Allez les rouges

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For 2008, France went in a new direction with their change kit.

White had been the established back-up choice since the 1950s – usually white shirts, blue shorts and red socks – but at the end of 2006, FFF president Jean-Pierre Escalettes revealed that red would be the colour of the new alternative strip.

Red had been used on occasion when clashes arose up until 1954 and even after that there was a red third option until the early 1970s. It was a tradition that adidas decided to reignite with Euro 2008 on the horizon, as outlined by Escalettes (kid, look up what a fax machine was):

Our equipment supplier made us a proposal. We liked the jersey…so far, we’ve seen it on a black and white fax!

As it happened, the shirt was only worn twice, in friendlies against Spain and Ecuador in the spring. Against Spain, the default blue shorts were used – the visitors wore their new gold change kit – while against Ecuador the home white shorts gave France a Czech look.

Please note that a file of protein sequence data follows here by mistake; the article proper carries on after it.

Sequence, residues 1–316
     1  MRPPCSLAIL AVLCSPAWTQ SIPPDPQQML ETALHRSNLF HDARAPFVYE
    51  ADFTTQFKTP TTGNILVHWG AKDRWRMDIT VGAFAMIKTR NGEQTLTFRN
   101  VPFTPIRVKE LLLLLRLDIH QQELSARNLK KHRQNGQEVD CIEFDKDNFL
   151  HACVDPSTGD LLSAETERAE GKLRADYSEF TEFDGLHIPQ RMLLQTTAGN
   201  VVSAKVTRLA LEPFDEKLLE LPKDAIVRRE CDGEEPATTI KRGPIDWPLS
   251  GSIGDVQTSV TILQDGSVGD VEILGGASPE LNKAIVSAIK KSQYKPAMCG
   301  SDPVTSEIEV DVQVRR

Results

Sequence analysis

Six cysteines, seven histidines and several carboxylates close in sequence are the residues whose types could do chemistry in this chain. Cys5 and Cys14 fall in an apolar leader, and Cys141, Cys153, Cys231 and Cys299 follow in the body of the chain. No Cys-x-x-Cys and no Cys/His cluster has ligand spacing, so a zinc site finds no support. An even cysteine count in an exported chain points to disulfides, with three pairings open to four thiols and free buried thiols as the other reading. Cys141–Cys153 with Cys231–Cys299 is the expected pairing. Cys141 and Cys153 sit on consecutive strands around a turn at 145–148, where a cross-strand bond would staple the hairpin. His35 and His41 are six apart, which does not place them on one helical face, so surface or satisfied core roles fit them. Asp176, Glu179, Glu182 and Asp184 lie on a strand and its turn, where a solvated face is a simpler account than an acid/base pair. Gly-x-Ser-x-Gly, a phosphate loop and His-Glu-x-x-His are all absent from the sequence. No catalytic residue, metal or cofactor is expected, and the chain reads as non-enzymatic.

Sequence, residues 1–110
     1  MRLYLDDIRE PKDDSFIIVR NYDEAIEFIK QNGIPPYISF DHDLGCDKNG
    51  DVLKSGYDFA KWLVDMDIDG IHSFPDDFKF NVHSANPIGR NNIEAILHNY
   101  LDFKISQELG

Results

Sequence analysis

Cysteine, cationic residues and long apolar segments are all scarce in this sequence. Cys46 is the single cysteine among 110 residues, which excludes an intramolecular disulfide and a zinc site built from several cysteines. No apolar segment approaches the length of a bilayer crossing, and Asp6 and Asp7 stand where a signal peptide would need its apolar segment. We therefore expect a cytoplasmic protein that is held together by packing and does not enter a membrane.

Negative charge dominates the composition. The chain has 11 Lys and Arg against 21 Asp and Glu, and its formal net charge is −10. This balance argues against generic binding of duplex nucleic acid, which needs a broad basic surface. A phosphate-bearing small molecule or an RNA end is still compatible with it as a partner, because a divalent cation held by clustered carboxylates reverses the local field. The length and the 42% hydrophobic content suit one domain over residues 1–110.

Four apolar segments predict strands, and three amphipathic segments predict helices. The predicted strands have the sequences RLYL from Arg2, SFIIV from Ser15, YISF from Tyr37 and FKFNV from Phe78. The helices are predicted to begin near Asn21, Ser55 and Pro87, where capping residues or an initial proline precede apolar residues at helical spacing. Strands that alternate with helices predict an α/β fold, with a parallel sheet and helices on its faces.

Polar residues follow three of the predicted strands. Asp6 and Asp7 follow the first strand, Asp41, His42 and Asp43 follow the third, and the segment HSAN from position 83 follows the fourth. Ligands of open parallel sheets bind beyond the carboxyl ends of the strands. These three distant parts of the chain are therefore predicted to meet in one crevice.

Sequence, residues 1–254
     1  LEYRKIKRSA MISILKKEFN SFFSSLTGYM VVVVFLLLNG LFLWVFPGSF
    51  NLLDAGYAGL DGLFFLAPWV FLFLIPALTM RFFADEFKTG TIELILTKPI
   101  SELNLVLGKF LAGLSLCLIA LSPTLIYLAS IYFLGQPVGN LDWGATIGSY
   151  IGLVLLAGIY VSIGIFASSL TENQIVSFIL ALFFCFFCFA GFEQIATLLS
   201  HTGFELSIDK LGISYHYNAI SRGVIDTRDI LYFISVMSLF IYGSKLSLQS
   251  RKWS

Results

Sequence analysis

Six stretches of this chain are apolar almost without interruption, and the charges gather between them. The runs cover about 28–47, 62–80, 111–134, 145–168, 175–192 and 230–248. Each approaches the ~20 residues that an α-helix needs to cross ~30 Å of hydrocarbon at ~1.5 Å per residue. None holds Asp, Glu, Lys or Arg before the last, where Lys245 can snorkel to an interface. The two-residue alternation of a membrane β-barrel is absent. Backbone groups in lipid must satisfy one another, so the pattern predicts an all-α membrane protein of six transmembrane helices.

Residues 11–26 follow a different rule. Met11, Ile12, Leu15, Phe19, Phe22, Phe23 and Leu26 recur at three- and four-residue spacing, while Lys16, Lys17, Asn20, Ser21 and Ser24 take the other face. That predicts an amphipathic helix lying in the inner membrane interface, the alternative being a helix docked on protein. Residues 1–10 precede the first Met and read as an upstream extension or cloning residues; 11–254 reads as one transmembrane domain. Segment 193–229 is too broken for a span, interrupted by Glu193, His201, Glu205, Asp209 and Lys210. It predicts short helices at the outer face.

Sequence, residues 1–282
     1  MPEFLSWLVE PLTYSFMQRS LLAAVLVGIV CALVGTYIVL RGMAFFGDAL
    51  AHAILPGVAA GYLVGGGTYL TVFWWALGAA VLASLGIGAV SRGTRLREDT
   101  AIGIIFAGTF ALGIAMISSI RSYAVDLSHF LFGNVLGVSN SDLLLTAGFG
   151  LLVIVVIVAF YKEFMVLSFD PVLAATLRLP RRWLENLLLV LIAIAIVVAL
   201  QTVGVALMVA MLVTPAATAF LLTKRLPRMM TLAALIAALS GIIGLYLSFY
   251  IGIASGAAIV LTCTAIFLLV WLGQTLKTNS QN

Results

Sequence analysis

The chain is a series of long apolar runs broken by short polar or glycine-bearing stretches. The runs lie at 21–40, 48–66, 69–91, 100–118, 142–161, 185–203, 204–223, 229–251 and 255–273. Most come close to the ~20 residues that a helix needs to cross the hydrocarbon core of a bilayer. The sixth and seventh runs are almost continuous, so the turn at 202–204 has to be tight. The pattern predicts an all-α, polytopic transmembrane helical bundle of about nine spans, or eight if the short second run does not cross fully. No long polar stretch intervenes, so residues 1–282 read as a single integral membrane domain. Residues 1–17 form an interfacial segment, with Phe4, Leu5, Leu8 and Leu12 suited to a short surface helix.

While replicas had the adidas striping travelling the length of the arms, on the field they were curtailed.

Against Spain, the ‘tournament patch area’ was blank, but against Ecuador there was an adidas logo surrounded by a swirling design.

The last time before 2008 that France played in red shirts was something of an oddity. Preparing for the 1986 World Cup, they took on Guatemala in a practice game which wasn’t given full international status.

France won 8-1 and, though their opponents were in all-white, meaning that the new home strip could have been used, perhaps the game’s unofficial nature was a reason in them playing in red shirts and shorts with light-blue socks. Unfortunately, the adidas striping on the shirts and shorts wasn’t of the tricolore white-blue-white-red-white variety.

After 2008, white returned again and, apart from a pale blue change shirt in 2013, it has remained as the reserve choice.

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